In Leiv Lunde, Yang Jian and Iselin Stensdal (eds), Asian Countries and the Arctic Future. Singapore, World Scientific Publishing, 2016, pp. 143-154.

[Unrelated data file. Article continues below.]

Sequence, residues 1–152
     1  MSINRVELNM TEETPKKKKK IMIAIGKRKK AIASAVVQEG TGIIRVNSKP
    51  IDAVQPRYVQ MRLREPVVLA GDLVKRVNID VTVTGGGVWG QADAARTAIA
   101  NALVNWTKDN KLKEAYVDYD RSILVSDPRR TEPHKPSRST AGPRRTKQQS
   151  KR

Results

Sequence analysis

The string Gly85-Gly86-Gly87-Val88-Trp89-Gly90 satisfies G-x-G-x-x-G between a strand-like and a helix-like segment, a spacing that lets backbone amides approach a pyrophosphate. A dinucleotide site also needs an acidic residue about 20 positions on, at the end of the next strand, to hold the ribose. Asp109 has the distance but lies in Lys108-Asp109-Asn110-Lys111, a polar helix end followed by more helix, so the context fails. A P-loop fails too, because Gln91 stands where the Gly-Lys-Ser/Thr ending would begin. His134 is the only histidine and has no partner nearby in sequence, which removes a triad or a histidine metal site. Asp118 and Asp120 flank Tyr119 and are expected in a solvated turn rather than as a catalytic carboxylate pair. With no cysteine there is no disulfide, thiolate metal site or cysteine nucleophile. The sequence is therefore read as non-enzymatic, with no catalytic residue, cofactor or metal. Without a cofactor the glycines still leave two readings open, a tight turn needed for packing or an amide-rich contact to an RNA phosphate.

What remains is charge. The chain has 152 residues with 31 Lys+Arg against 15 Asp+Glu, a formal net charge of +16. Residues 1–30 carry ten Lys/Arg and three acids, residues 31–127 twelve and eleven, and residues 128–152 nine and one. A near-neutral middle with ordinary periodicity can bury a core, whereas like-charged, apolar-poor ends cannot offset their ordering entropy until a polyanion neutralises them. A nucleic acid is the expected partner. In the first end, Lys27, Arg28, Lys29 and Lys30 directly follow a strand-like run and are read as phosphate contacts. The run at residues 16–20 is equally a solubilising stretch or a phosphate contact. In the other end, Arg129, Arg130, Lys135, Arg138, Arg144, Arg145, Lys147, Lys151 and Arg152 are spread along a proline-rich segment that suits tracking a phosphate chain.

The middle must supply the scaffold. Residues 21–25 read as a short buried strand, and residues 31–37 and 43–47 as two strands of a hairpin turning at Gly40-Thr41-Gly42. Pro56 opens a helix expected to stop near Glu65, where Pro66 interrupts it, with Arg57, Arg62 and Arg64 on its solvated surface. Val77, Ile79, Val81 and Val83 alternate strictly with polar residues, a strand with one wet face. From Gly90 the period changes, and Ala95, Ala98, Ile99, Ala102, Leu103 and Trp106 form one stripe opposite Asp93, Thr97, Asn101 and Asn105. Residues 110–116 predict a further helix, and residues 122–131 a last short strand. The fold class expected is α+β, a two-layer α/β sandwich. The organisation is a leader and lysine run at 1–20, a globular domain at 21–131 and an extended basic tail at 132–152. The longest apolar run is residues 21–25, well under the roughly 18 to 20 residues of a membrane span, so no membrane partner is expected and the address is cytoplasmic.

The United Nation's Convention of the Law of the Sea (UNCLOS) provides the basic legal regime for the Arctic Ocean. Within the boundaries of this legal framework, important political processes are playing out, not least those pertaining to the delimitation of the coastal states' extended continental shelves, as well as the regulation of living marine resources. These are areas where the Arctic states, as well as other stakeholders such as China, Japan, and the European Union (EU) have important interests. The efforts toward delimiting the continental shelf and the regulation of the living resources of the Arctic Ocean beyond 200 nautical miles (nm) from the coast, represent processes where both international law as well as scientific research play into the political process, creating a complex and composite whole worthy of further investigation.